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QuoteOriginally posted by steveknj Quote
So outside of the obvious...the lense will be some years old, is there a major downside to using a film era lense on a DSLR?
Yes.

You'll sit and giggle so much about how much money you saved over buying new that friends who aren't aware may think you've gone mad and have you sent away for psychiatric evaluation. Purchasing old lenses is also habit forming.

(The lenses I use every day on my DSLR came from the late 1950s, cost me practically nothing, and work splendidly).

08-19-2011, 08:30 AM   #9
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QuoteOriginally posted by steveknj Quote
Thanks for the description. The one I was looking at was an older Pentax Takumar lens 70-200. The reviews on here were pretty good and I can probably get it for under $50. Does it have the Ricoh Pin? I have no idea. The description says it's compatible with K-mount lenses, and as the A setting as described above.
No genuine Pentax lens (Takumar, Super Takumar, SMC Takumar, Takumar (Bayonet), FA, FA-J, DFA) will have the dreaded Ricoh pin. Be careful on eBay, though. Some less knowlegdeable or scrupulous sellers will say a lens is a Pentax lens, when it really is a third-party lens made to FIT a Pentax camera.

Also, no autofocus lens, whether genuine Pentax or third-party, will have the Ricoh pin, either.

The good news is that the Ricoh pin is fairly easy to deal with, it you do it before you get it stuck on your camera.

Also be careful of *some* (not all) Vivitar lenses. There is a shield that protects the aperture actuating lever. This is present on all k-mount lenses, but on some Vivitar lenses, it is longer than necessary and bumps up against the HSM power contacts on Pentax dslrs. This, too is relatively easy to modify or remove altogether.
08-19-2011, 08:33 AM   #10
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You guys are the best and have put me at ease with my considered purchase of older lenses. Maybe down the road I'll want the latest and greatest and spend hundreds of dollars on lenses. But I doubt any advantage a new lense might have is going to make a huge difference to me at my novice level. I figure for under $100 I can "experiment" all I want and not feel that I'm being overwhelmed and have wasted a big investment.
08-19-2011, 08:41 AM   #11
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I don't know, autofocus and autoexposure are both pretty big advantages for most people. Given that you can get a 50-200 or 70-300 for well under $200, I'm not sure you'll find it worthwhile to spend $50 on a totally manual zoom lens of questionable optical quality.

Unless maybe you mean one of the relatively uncommon AF takumars.
08-19-2011, 08:41 AM   #12
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One personal recommendation to stay away from is the Takumar (Bayonet) 135. This is an uncoated lens AFAIK and flares badly when pointed anywhere near strong light. I have one and I know.
08-19-2011, 08:46 AM   #13
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QuoteOriginally posted by Marc Sabatella Quote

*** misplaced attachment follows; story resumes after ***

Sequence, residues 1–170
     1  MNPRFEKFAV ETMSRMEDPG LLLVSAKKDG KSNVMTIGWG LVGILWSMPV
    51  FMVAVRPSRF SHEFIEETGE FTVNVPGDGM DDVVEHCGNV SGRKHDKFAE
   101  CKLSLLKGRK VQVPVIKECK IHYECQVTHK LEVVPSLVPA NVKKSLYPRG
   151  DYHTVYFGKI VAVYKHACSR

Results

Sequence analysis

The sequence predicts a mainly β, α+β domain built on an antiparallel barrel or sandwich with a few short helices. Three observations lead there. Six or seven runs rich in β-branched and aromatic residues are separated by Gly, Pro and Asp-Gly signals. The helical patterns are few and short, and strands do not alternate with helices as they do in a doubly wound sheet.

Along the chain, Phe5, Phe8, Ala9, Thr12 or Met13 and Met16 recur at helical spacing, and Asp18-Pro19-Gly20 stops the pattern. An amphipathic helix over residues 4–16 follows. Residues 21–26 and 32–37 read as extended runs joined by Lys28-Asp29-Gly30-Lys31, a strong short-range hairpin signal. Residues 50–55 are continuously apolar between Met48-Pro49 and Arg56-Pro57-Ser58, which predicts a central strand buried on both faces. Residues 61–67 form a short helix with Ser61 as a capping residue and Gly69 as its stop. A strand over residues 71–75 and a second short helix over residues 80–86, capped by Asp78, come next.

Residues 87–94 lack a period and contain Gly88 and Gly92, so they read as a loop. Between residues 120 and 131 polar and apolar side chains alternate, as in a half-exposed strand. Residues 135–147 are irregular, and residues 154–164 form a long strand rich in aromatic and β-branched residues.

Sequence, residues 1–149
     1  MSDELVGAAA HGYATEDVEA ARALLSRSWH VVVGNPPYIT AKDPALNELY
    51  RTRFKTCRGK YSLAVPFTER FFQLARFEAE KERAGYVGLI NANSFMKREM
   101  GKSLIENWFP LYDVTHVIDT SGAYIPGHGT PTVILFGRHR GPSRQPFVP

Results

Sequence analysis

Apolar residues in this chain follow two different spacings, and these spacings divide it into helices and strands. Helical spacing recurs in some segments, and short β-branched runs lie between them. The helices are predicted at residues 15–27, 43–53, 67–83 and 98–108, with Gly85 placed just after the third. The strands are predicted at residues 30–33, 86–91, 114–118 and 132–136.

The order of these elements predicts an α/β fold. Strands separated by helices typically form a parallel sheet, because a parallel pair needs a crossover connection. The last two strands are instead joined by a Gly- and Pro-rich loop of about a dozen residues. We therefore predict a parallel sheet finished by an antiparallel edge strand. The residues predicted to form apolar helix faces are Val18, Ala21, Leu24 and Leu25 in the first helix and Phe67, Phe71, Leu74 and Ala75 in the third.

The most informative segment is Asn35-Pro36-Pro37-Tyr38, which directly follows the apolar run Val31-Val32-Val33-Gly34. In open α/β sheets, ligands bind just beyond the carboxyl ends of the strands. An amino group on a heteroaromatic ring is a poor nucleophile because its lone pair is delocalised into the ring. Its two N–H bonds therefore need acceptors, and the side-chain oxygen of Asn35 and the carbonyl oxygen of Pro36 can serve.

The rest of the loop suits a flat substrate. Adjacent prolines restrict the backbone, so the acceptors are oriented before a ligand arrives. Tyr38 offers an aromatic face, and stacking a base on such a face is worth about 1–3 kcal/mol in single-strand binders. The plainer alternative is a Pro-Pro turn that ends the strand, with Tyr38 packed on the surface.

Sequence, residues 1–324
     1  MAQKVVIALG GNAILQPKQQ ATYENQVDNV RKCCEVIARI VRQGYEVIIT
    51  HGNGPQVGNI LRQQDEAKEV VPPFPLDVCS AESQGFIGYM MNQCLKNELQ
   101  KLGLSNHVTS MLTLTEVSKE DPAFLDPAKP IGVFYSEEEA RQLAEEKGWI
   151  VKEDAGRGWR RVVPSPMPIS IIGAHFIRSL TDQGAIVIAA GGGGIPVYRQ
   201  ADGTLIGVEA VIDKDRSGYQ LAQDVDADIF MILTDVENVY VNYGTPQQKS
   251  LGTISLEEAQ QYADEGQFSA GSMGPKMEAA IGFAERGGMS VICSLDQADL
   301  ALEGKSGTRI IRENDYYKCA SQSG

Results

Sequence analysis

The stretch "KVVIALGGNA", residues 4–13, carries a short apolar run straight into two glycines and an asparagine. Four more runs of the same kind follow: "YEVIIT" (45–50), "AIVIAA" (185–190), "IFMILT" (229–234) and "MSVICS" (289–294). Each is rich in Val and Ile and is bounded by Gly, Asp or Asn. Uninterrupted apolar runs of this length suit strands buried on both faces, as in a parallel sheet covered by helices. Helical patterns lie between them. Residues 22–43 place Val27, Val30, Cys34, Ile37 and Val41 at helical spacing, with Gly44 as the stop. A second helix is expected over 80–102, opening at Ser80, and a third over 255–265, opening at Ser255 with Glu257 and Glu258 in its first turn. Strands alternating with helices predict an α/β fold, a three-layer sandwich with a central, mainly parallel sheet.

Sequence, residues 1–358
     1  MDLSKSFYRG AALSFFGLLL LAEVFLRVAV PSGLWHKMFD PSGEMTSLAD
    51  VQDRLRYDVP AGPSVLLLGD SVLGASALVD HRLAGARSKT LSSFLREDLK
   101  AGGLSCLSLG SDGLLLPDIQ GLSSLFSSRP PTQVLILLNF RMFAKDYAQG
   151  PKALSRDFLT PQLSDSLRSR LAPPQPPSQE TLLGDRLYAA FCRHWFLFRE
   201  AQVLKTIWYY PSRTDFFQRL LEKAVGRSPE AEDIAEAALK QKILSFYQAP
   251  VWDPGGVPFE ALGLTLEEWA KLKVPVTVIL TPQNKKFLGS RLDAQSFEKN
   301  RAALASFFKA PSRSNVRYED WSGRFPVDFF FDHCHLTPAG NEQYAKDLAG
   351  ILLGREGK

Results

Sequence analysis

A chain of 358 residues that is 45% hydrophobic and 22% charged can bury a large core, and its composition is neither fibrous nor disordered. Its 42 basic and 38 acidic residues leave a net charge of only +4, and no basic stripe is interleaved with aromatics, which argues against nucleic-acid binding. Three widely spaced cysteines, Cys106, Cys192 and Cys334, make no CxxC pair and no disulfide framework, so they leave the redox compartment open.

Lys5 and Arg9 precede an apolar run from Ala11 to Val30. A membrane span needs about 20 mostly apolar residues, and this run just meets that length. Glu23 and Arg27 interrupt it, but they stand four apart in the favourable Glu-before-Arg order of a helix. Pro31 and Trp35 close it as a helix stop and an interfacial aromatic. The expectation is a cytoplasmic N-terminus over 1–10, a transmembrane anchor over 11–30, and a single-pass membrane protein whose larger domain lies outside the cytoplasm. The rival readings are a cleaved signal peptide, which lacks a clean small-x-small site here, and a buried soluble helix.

I don't know, autofocus and autoexposure are both pretty big advantages for most people. Given that you can get a 50-200 or 70-300 for well under $200, I'm not sure you'll find it worthwhile to spend $50 on a totally manual zoom lens of questionable optical quality.

Unless maybe you mean one of the relatively uncommon AF takumars.
The one I was looking at says AF.
08-19-2011, 10:13 AM   #14
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there has been a lot of discussion and even magazine articles written about using film lenses on digital cameras.

Aside from Manual FOcus vs Auto focus, thich is pretty clear, and whether the lens has an "A" position and aperture controlled by the camera body, there are some other points to consider, which may or may not be relevant to you.

- as already mentioned, newer lenses have ever improving coatings, so the film lenses may not be as good against flare as digital ones.

- Digital lenses do have an additional lens coating on the rear element, to better deal with reflections off the sensor. I personally have not had a big issue with this, but the sensor is much more reflective than film was.

- there have been some reports especially related to wide angle lenses, about excessive vignetting when using film lenses on digital bodies, due to the angle at which light hits the sensor. Digital sensors (and this may be more C-MOS than CCD sensor related, require closer to perpendicular light to hit the sensor. Leica has this issue with their range finder camera, which has the lens much closer to the sensor, aggrivating the problem. Personally I have not seen it, but that only relates to my 43 film lenses, out of the 23million pentax advertised fit the camera

- some film lenses did have shiny parts at the rear of the lens that caused reflections similar to those reported off the rear sensor, I have had this issue as have others in the forum. once identified it can be corrected by flat black brush on paint.

- note that except for pentax's first series of cameras, specifically the *istD, DS and DS2, which supported TTL (through the lens) flash metering, that measured the flash reflected off the sensor for control, as well as P-TTL which measured a preflash using the camera's normal metering system, newer bodies do not support flash metering at all with non A lenses, because the camera needs to know the open aperture of the lens. The preflash is measured knowing the aperture, and predicts the flash duration needed to expose the shot when stopped down to the camera controlled setting, as opposed to actually measuring the flash directly.

- non A lenses show unique and interesting exposure errors as a function of aperture selected, This led to a lot of discussions on the forum over the last 4 years.

on the bright side, there are a lot of excellent film lenses out there, and except for the wide end, actually more variety and options than the current pentax lens line up. Many old lenses are excellent performers when used within their limits (finding these out is part of the fun any way) and there are many exceptional photos posted by forum members using very old lenses. Just look at the Takumar lens club. (Takumars, except the uncoated bayonet lenses of the 1980's went out of production in about 1976)
08-19-2011, 10:28 AM   #15
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I use a pair of Pentax-F lenses on my K-x with good results, 35-70 and 70-210mm.